As a teenager growing up in the East Bay, Yuji Ishikata veered away from formal schooling. Instead, he gained his education by working at local restaurants and grocery stores, including Berkeley Bowl and Tokyo Fish Market. As a Yonsei — a fourth-generation Japanese American — that’s where he embraced his community of elders and peers while developing a love for culinary expression.
Now a chef with over 15 years of experience in the food industry, Ishikata is inviting others to experience the tight-knit traditions he was raised around. And for him, there’s nothing more representative of those traditions than Japanese New Year, which he’ll ring in with a one-day pop-up featuring dishes rooted in the childhood nostalgia and intergenerational joy inherent to the holiday.
“There’s so many different types of foods that represent different aspects of life in Japanese culture,” says Ishikata, who currently works as the Nutrition Program Chef at J-Sei, a senior-focused Asian American cultural center. “I remember those smells. These are things my grandma, aunties and uncles cooked every New Year. I want to modernize it and introduce it to anyone who wants food that represents the Japanese New Year with love and soul put into it.”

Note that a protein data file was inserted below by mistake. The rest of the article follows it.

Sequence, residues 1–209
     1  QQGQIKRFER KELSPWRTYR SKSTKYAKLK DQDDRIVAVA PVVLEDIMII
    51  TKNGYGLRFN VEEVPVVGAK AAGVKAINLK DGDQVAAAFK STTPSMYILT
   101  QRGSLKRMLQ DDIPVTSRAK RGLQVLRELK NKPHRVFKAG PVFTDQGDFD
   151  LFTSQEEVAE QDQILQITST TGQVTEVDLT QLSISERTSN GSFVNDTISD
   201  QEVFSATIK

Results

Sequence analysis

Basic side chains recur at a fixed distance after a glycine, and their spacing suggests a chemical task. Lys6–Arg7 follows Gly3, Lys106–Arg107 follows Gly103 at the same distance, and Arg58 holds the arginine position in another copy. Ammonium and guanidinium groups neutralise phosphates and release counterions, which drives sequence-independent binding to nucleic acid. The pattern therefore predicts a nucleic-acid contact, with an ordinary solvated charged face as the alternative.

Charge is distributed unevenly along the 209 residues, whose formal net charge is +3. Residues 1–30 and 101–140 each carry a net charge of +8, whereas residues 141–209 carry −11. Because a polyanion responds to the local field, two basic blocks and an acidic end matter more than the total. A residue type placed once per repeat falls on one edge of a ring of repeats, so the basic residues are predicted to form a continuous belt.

Ishikata recalls an open-door policy among older Japanese immigrants and Japanese American neighbors who would serve special holiday dishes for friends and guests as a way to start the calendar year with community, intention and gratitude. That’s the spirit Ishikata is bringing to his New Year’s pop-up, a collaboration with Berkeley’s Tokyo Fish Market that he’s calling “Oshogatsu Offering.”
The menu will offer four meal options: an ozoni soup kit, for making a fish broth–based mochi soup that Japanese households eat on New Year’s Day; hamachi kama (the fatty, oily collar of yellowtail fish marinated in sake pulp); a temaki hand roll kit — a create-your-own-adventure food experience that allows diners to make their own sushi with spicy tuna, salmon skin and roe, pickled plums, shiso and more; and the osechi ryori box, the traditional full-fledged holiday meal whose components — including chikuzenni (simmered chicken and root vegetables), umami no ebi (simmered shrimp) and namasu (daikon and carrot salad) — are served up in decorative boxes.